US woman sues hosiery company after stockings fail to give her “orgasmic” experience like the woman in the ad

US woman sues hosiery company after stockings fail to give her “orgasmic” experience like the woman in the ad

A woman in the US has brought a class action against a hosiery manufacturer, claiming the stockings she purchased failed to give her the “orgasmic” experience that was suggested in an advertisement for the product.

Meng Wang, of Queens in New York, is suing Gildan Outerwear, the Canadian parent company of Kushyfoot, claiming she was misled by a sexually suggestive commercial for Kushyfoot Shaping Tights products, reports the New York Post.

The suit follows legal action against Reebok in Australia, which was last year forced to pay $350,000 for making false and misleading representations about the fitness benefits of its EasyTone shoes.

According to the reports, Wang purchased the stockings for $US7.64 after seeing an ad featuring a woman who appeared to be having an “orgasmic” experience as she walks down the street wearing the product.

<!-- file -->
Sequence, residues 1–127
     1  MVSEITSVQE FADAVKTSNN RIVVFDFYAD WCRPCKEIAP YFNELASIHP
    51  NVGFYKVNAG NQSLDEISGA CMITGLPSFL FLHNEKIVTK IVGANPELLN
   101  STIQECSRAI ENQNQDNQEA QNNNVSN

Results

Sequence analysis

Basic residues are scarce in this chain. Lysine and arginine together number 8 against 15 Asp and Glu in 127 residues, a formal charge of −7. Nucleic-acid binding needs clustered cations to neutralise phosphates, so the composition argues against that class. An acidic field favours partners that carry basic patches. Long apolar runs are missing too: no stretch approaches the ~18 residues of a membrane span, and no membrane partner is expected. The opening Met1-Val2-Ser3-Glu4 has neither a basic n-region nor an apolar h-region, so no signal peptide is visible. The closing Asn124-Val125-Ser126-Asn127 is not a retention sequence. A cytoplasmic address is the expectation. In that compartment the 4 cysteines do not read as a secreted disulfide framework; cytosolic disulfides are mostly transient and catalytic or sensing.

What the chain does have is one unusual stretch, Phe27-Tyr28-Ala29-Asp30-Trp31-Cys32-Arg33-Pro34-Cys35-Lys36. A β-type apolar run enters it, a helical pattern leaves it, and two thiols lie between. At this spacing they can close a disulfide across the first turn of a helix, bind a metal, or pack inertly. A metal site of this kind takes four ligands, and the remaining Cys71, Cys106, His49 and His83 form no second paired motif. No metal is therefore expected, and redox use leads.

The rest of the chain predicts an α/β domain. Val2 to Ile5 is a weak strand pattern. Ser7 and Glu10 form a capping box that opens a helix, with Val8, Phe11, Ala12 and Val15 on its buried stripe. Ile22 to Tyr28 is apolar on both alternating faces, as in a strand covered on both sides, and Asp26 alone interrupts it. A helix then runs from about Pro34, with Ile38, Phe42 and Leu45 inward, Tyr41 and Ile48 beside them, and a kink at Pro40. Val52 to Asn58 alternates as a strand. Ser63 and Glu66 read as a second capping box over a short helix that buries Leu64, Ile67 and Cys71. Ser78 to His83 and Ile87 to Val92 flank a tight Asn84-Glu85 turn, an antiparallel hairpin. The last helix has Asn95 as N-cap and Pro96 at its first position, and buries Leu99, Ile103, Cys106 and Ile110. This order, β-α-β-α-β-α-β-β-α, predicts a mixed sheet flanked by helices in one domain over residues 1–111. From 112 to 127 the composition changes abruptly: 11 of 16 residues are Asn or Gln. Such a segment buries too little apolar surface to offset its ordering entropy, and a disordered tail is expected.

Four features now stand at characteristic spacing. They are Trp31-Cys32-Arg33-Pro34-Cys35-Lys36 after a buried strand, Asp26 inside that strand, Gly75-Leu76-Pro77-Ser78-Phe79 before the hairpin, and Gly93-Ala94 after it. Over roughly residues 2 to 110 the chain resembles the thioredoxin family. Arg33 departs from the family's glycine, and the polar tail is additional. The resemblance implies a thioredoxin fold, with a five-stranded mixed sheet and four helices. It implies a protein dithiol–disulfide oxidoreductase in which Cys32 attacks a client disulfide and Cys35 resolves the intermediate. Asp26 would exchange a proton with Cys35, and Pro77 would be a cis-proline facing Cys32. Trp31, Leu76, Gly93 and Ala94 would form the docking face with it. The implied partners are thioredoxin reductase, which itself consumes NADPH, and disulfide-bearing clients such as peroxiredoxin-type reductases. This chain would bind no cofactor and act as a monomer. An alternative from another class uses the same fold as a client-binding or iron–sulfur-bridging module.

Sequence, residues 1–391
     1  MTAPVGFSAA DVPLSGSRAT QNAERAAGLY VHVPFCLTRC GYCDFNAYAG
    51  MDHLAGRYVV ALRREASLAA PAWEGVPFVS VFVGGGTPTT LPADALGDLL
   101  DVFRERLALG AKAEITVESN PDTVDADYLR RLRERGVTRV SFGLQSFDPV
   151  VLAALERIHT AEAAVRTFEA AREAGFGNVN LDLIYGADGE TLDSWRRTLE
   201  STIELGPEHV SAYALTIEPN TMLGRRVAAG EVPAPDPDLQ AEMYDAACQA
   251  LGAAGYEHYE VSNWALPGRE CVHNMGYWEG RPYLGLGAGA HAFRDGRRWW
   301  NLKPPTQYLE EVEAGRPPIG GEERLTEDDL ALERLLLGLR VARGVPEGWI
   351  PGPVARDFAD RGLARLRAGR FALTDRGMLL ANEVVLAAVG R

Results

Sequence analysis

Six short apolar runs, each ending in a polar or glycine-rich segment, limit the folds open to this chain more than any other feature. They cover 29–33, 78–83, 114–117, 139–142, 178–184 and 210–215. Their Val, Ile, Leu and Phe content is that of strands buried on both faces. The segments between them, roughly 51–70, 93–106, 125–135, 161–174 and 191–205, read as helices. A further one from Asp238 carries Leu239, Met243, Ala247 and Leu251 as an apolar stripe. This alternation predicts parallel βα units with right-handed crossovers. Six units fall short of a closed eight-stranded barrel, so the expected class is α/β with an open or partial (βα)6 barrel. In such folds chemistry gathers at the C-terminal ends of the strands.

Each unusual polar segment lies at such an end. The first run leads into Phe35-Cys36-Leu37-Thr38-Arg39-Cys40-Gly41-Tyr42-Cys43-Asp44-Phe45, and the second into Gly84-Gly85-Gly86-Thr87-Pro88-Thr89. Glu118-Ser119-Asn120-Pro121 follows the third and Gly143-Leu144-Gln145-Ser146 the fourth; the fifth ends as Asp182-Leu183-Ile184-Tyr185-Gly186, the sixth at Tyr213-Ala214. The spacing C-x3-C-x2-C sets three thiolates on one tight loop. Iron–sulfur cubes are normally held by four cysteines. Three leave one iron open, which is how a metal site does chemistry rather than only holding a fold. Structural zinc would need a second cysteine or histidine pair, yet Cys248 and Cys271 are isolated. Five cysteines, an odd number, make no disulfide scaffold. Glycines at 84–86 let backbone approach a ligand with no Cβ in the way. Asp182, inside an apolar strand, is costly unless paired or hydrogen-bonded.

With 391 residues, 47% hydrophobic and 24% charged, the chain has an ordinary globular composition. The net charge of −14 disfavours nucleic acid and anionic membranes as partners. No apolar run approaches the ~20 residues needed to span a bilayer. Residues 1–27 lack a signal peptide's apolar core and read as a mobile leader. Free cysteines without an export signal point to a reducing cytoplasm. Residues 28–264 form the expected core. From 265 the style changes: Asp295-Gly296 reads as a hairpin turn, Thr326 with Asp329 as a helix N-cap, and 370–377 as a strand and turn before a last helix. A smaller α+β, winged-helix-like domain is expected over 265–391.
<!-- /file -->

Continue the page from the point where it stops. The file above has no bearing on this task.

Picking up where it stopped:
The woman says “That’s the spot!” and “Oooh, yes!’’ while background music features the lyrics “I feel satisfied”.

Wang’s lawyer, CK Lee, told The Post the ad was “supposed to indicate that she’s getting a massage through her pantyhose” but the product turned out to be “just socks”.

The product’s online description says the stockings have a “massaging sole for extra comfort”.

According to The Post, there are more than 100 plaintiffs in the Kushyfoot case, who claim they’ve spent more than $US5 million on its products. It is not clear what damages they are seeking.

Narissa Corrigan, principal at Ampersand Legal, told SmartCompany these types of consumer-style class actions were not common in Australia.

“In Australia, this is not the way consumer-type action is taken,” says Corrigan.

“If something like this was to happen here, this would go through Australian Consumer and Competition Commission. Consumer-style class actions are really a US thing.”

Corrigan says while local consumers are somewhat protected by Australian Consumer Law, small businesses do have to be careful with claims made in advertisements about the features and benefits of a product.

“If similar claims were made here, suppliers would need to make sure claims about the features and benefits were credible and substantiated,” says Corrigan.

“If they [small businesses] are going to be making those claims, they need to have evidence. Reebok recently got in trouble for this, $350,000 worth of trouble. The ACCC is hot on these issues and I imagine the bigger, sexier type companies are sitting ducks for an investigation.”

SmartCompany contacted Gildan Outerwear but did not receive a response prior to publication.


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